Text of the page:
Drug companies are naturally incentivized to price their drugs under assumptions of optimal clinical value, i.e. as high as possible. Payers react to this by setting stringent conditions for patient eligibility for coverage of those therapies. As a consequence, patients who do not meet these conditions do not receive those drugs even though they could derive benefit, albeit not of a magnitude that would justify the cost. Here we lay out a population health based scheme by which payers and drug companies can design a system that ensures access to a drug to a larger group who could benefit at a cost that is adjusted for the aggregate benefit to the group. While there is some relation to the general family of rebate and/or discount agreements commonly entered between drug manufacturers and payers, this scheme is different in that it adjusts price by taking into account the patient mix and related incremental health benefit. We sketch out this approach using an illustrative toy-model in the setting cardiovascular drugs such as PCSK9 inhibitors.
Introduction: products with consumer-dependent value are common, but drugs present special challenges
Even within a single indication, drugs provide different benefits to different people. To give a simple example, the value of a statin to a patient who has had a myocardial infarction and has a high cholesterol is demonstrably very large while the value of a statin to a patient with moderately elevated cholesterol and one other cardiac risk factor is real but much lower. This situation in which a product provides a different value to different consumers occurs frequently, and smart marketers have invested considerable effort designing methods to capture the most value from each customer segments. However, for a number of reasons, most of these approaches do not work for drugs:
- The common technique of deploying variants of the product to capture differential value of multiple consumer segments is not feasible;
- End-consumers are highly insulated from decision-making on product utilization – first through the providers, and then through payers;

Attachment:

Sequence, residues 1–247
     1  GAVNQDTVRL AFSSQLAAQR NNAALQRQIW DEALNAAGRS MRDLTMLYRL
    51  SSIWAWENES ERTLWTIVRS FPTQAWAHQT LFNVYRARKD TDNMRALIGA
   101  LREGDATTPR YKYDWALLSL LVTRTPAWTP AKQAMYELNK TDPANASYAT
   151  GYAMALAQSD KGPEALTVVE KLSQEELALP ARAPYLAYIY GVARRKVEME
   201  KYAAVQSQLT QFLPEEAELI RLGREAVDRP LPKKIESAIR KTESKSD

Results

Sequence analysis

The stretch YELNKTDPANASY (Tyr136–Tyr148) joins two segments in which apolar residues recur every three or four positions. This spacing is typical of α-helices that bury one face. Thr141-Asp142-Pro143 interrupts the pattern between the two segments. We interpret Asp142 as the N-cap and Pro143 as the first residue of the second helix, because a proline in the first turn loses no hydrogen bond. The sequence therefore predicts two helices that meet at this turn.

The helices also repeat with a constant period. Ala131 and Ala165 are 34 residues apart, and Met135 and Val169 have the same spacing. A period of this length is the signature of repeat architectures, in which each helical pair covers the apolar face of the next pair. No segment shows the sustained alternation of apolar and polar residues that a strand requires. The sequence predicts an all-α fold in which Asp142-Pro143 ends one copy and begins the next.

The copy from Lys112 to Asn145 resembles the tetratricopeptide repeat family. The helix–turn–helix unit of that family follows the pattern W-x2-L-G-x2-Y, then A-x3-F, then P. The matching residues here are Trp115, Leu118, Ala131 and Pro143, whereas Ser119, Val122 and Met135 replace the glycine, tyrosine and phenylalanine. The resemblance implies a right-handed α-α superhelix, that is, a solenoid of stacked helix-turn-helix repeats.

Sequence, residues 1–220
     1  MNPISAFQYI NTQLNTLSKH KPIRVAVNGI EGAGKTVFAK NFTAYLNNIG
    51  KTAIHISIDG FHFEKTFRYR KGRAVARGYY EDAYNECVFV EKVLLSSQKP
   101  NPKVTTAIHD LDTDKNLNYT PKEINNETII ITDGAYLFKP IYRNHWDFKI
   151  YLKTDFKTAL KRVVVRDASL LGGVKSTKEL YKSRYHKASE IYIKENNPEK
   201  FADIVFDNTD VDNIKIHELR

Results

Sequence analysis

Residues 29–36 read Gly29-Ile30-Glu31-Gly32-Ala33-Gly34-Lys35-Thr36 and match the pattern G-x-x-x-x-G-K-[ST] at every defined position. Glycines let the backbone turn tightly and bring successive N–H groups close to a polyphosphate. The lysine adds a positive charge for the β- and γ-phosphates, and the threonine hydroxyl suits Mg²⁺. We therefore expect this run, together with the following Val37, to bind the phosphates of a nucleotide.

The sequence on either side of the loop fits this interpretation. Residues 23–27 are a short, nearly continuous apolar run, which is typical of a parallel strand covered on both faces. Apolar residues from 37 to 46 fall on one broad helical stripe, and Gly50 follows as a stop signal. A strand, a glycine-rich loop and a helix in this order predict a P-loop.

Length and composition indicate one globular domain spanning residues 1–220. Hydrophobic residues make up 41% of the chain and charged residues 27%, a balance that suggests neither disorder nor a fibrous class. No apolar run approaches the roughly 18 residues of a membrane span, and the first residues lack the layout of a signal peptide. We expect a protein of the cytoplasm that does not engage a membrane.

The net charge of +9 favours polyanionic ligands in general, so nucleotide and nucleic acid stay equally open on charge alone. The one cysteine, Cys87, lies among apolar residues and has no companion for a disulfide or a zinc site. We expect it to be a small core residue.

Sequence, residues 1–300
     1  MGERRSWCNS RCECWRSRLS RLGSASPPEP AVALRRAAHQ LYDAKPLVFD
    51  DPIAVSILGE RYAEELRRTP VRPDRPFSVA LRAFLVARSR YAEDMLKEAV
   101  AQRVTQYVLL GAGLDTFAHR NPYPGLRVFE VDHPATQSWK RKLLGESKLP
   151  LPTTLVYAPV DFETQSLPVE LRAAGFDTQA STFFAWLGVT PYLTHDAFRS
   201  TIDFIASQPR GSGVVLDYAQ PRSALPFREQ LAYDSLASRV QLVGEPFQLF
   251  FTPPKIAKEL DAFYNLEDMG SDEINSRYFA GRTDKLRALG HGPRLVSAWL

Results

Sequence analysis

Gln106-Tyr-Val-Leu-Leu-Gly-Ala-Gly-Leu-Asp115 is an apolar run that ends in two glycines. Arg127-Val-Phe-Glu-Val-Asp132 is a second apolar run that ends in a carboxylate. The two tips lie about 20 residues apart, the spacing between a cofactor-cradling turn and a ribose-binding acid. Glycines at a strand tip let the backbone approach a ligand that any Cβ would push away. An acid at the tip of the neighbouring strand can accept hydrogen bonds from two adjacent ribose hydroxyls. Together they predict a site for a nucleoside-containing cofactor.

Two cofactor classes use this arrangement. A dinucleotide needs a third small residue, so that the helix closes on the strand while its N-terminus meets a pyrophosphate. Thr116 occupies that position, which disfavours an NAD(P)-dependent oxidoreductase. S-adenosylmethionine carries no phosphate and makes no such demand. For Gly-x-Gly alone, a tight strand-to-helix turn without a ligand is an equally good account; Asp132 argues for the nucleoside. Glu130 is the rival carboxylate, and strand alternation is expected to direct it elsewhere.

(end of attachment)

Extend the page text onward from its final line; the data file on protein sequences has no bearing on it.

- Finally, contracting with large public entities (e.g. Medicaid) often includes “lowest price clauses” which means that if a deep discount is offered to a customer segment, then it has implications for large swaths of the market.
As a result, what tends to occur is that pharmaceutical pricing is set under an “optimistic” value scenario. Given the very high cost for some therapies, the natural response from payers is to impose stringent limits on utilization with pre-authorization schemes to ensure that costs are controlled and only the patients who get the most benefit from the drug get it. The end result is that it is often the case that a large number of patients who could actually get moderate benefit are shut-out. Arguably this has occurred for PCSK9 inhibitors which priced at $14,000/year/patient have had a low level of uptake, and for the latest hepatitis C antivirals which have been limited to a rather small subset of patients that could benefit from them.
There have been some attempts by the biopharmaceutical industry to mitigate this through risk sharing value based arrangements, for instance, reimbursing treatment in case of failure. But these are relatively minor adjustments in the big picture of the health value left on the table through lack of access. Likewise, rebates and discounts agreements do not really address the core issue that by setting a high price, a drug manufacturer loses a portion of the eligible patient population, and that by setting a low price, a drug manufacturer fails to capture the value it provides to patients for whom the drug is highly beneficial. In what follows, we sketch out an alternative approach.
Drug pricing and population health